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PhD at the National Oceanography Centre on sediment transport in shelf seas, Liverpool, UK
A PhD project focusing on tidal resuspension in shelf seas is offered under the supervision of Dr Laurent Amoudry (NOC), Prof. Alex Souza (NOC) and Prof. Andrew Plater (University of Liverpool). The deadline for applications is 09.00am 6th February 2015.
Our studentships are funded by NERC and are available to UK nationals and other EU nationals that have resided in the UK for three years prior to commencing the studentship.  If you meet this criteria, funding will be provided for tuition fees and stipend.  If you are a citizen of a EU member state you will eligible for a fees-only award.
Further information on the Doctoral Training Programme, including eligibility and how to apply, can be found at https://www.liv.ac.uk/studentships-earth-atmosphere-ocean/. Specific questions on the project may be addressed to Dr Laurent Amoudry (laurent.amoudry@noc.ac.uk). A brief description of the project is provided below.
Continental shelf sediments are responsible for the majority of benthic biogeochemical cycling of organic matter even though they constitute less than 9% of the global seafloor. In the energetic environments that are shelf seas, frequent resuspension and reworking of sediments are caused by natural events (such as tidal currents, waves, winds, storms, and biological activity) and by anthropogenic perturbations (e.g., trawling, dredging, etc). However, traditional techniques used to measure the exchange of nutrients and other bioactive solutes between benthic and pelagic zones only produce passive fluxes due to processes such as molecular diffusion. More complex processes, such as sediment resuspension and water advection, are often overlooked and are still poorly understood due to a lack of observational data. Quantifying the role of resuspension is thus crucial for assessing how shelf sea ecosystems function and predicting how they are likely to respond to future changes in climate and human use of marine ecosystems.
The project will focus on the combined physical and sedimentological controls on near-bed vertical fluxes of suspended particulate matter (SPM). In particular, we will address how sea bed properties (e.g. bed morphology, grain size, sediment composition, consolidation) control near-bed fluxes of SPM and how this relates to key near-bed biogeochemical indicators.
The project will use in situ measurements from a benthic lander deployed over a range of sediment types from cohesive to permeable in the Celtic Sea. Each deployment will last for at least two tidal cycles at each site and will be conducted during a series of cruises covering different seasons and years (March 2014, March 2015, May, 2015, August 2015).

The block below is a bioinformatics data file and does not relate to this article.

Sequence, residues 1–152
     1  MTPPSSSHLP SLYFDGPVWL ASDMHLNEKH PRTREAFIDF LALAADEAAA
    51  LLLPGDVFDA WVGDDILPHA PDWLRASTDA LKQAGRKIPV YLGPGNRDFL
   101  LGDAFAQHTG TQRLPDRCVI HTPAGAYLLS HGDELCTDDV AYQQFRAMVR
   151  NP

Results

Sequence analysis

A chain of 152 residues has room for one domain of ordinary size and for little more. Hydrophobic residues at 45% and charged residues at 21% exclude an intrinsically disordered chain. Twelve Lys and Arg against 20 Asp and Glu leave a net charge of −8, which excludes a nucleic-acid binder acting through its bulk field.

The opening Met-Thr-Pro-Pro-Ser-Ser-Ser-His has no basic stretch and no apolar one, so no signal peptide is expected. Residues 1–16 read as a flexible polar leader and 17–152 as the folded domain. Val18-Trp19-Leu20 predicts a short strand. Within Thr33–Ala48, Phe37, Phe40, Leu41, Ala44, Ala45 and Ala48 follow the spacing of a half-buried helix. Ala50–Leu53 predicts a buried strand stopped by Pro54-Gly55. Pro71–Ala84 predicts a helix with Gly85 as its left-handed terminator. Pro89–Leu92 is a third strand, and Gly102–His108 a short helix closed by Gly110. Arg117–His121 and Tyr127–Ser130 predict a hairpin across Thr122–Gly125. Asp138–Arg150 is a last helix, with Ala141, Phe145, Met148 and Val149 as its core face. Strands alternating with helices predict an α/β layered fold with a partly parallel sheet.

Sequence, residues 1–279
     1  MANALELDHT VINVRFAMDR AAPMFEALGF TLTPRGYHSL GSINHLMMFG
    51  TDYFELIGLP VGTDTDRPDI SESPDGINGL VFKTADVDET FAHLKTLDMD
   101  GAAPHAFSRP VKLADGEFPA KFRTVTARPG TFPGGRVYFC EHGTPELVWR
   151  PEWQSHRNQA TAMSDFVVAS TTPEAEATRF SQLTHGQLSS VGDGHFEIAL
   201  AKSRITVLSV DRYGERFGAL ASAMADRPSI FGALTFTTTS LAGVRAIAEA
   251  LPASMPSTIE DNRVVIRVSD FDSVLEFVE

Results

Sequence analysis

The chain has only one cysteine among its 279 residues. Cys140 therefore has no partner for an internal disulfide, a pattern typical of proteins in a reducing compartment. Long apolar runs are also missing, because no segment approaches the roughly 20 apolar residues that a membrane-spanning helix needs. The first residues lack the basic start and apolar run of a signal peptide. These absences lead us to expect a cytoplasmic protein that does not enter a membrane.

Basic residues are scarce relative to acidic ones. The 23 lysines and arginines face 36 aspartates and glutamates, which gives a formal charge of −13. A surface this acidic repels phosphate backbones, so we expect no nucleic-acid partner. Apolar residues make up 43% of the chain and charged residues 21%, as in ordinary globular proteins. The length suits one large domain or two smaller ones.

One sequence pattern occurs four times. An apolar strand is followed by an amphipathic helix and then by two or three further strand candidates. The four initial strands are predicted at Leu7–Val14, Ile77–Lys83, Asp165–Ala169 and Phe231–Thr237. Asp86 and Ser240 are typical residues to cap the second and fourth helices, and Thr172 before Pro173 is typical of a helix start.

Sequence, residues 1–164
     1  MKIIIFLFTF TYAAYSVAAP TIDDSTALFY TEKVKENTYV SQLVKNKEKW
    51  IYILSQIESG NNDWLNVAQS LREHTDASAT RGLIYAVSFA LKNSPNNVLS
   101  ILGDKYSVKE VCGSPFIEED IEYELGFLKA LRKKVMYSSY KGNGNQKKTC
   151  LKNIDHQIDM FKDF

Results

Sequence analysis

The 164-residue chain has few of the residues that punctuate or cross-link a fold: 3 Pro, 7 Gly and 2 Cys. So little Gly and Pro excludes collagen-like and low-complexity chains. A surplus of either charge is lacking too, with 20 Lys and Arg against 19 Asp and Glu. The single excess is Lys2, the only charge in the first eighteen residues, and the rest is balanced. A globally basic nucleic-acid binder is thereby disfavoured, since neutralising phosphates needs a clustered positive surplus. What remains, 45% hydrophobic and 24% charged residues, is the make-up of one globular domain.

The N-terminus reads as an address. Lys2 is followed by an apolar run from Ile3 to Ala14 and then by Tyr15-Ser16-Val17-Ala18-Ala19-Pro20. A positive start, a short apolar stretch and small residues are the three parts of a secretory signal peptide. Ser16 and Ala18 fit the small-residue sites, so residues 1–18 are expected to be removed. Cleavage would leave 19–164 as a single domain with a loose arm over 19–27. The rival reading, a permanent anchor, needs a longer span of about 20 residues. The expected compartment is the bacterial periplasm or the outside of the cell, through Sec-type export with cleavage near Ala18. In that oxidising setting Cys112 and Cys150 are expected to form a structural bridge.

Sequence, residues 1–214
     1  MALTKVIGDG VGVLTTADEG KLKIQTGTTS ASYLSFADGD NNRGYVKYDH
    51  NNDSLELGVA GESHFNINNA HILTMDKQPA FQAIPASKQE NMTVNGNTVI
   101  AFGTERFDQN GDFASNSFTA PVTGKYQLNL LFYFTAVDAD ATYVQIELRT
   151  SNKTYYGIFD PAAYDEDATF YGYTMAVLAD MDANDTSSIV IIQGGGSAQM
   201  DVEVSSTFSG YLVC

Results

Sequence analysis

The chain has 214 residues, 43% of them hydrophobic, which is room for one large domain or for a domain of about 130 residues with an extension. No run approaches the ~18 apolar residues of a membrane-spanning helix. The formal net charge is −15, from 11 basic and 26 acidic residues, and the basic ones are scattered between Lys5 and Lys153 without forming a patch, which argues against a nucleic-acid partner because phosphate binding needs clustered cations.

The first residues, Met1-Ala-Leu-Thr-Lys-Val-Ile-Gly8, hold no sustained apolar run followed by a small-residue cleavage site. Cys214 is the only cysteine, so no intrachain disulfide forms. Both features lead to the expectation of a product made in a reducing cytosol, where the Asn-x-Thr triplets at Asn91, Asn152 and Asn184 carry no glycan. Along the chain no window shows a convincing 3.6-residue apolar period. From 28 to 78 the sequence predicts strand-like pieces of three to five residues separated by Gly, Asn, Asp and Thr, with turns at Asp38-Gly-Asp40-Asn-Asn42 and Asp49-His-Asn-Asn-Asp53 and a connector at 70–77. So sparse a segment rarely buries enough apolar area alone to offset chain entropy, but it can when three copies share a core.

The lander is equipped with a suite of state-of-the-art instruments, which will provide a unique and comprehensive series of data sets focusing on the benthic boundary layer in shelf seas. Near-bed hydrodynamics and turbulence will be measured from several acoustic profilers (ADCP, Nortek AquaDopp HR) and velocimetres (ADV). Near-bed SPM resuspension characteristics will be derived from ABS (Acoustic Backscatter System), LISST (Laser In Situ Scattering and Transmissometry), and LISST-Holo (Holographic Particle Imaging System). Bed properties will be measured via cores, sampling, and acoustic techniques, such as the 3D acoustic ripple profiler, which measures small-scale sea bed topography. A range of other key bio-geo-physical parameters will also be recorded (temperature, salinity, O2, nitrate).
This project will operate in close collaboration with the NERC Research Programme on Shelf Sea Biogeochemistry (www.uk-ssb.org) as the research cruises are part of the programme. The focus on tidal resuspension will address a key link between pelagic and benthic components of the whole system, which is a critical knowledge gap in term of shelf seas biogeochemical modelling.
Work plan:
  1. Formulation of key research questions based on critical review of literature, state-of-the-art knowledge, and available observational and modelling methods.
  2. h Research training: in particular, familiarisation with in-situ acoustic and optical observational techniques, as well as approaches for sea bed investigation.
  3. Data analysis: processing of data from acoustic velocity profiler, 3D ripple profiler data, LISST and ABS. Gathering of other relevant biogeochemical data via collaboration within NOC-L and the SSB programme.
  4. Data interpretation: correlate physical processes to sedimentological and biogeochemical variability towards assessing the impact of sea bed properties on near-bed fluxes.
  5. Outputs and dissemination: presentations at national and international conferences, writing reports and papers, PhD thesis.
In addition to the DTP training, the student will receive training in processing data from a range of instruments used in near-bed oceanographic measurements, as well as in mathematical and physical analytical techniques.
Applicants must have, or be about to obtain, a first class or upper second degree.  If you have a lower second degree, but have also obtained a masters qualification, you are also eligible. If you do not have these qualifications but you have substantial relevant post-graduate experience please contact the School holding the studentship to find out if your relevant experience is sufficient.

Other PhD studentships are being offered by the NOC and the University of Liverpool in coastal and shelf seas science as part of the Manchester and Liverpool Doctoral Training Programme https://www.liv.ac.uk/studentships-earth-atmosphere-ocean/.
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